Issues of concern to people who live in the west: property rights, water rights, endangered species, livestock grazing, energy production, wilderness and western agriculture. Plus a few items on western history, western literature and the sport of rodeo... Frank DuBois served as the NM Secretary of Agriculture from 1988 to 2003. DuBois is a former legislative assistant to a U.S. Senator, a Deputy Assistant Secretary of Interior, and is the founder of the DuBois Rodeo Scholarship.
Monday, December 19, 2011
Idaho rancher spreads word about wolves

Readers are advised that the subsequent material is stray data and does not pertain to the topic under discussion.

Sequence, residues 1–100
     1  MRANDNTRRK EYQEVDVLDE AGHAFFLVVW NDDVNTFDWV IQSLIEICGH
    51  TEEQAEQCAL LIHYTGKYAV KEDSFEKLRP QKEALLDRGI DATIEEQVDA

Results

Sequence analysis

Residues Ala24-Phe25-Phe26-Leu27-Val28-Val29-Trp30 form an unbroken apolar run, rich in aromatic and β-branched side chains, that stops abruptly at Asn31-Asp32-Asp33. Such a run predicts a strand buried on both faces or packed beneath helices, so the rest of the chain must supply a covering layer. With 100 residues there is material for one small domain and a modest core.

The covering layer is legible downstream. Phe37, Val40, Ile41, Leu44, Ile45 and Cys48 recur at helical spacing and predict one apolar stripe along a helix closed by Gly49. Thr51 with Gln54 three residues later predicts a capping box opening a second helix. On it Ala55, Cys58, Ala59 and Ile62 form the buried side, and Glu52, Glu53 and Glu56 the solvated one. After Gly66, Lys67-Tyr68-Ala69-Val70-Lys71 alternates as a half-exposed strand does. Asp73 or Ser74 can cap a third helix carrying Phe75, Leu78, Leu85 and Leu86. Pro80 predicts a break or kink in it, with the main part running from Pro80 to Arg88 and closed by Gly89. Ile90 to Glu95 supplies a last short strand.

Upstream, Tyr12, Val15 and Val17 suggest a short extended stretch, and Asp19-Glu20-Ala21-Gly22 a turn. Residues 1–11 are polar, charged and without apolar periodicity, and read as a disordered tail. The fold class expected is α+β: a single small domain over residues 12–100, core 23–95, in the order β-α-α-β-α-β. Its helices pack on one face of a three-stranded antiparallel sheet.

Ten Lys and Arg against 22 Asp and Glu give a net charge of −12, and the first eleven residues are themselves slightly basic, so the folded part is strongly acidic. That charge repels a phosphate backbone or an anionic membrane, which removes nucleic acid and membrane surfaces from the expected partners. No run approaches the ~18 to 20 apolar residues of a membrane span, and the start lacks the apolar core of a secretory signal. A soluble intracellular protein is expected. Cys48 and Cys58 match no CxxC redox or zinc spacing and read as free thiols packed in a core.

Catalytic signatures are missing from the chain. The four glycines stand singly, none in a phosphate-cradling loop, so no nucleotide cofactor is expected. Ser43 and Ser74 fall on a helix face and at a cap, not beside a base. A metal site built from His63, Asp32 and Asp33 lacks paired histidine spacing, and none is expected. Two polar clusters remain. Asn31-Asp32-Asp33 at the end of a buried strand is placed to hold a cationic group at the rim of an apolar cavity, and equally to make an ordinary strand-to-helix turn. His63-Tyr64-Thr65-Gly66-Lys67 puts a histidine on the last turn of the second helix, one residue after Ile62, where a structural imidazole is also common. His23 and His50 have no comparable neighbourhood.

Like an itinerant preacher, Casey Anderson has a message. The 56-year-old Idaho ranch manager was a popular speaker at ranchers' gatherings the past year: October at the Cattle Producers of Washington annual meeting in Moses Lake, Wash., and in January the Intermountain Rangelands Symposium in Twin Falls, Idaho. In May 2010, he spoke at a public symposium in La Grande cosponsored by the Oregon Cattlemen's Association. His message is simple: Wolves are coming. Get ready. "I want to show the facts and have the scientific research to back it up," he said. "That's my message. I don't have to raise my voice, yell and holler, scream and point my finger. Most of the information you get is from wildlife biologists, the Humane Society, Defenders of Wildlife, and they have their agenda. Most of the things they say are not true. That's the way I give my talk." Anderson, a Pendleton native who learned his trade in the Blue Mountains, speaks against a backdrop of anxiety and conflict as wolves spread into Eastern Oregon, reclaiming territory they haven't inhabited in 65 years. He is no Cassandra. He knows firsthand what impact wolves have on a big livestock operation. What's more, he has data to bolster his claims. Or, he has some data to suggest that wolves prey on cattle in ways researchers are just beginning to comprehend. His PowerPoint presentation consists of charts and graphs — the record of wolf and cattle movements tracked by satellite — interspersed with photographs of mutilated calves. But the study Anderson cites, and is part of, is still under way. An Oregon State University researcher involved with it cautions against reading too much into what Anderson, who runs the OX Ranch east of the Snake River, has to say. Another said he's fine with Anderson's presentation, and points out that OX Ranch owners Tim and Joe Hixon are widely recognized wildlife conservationists...more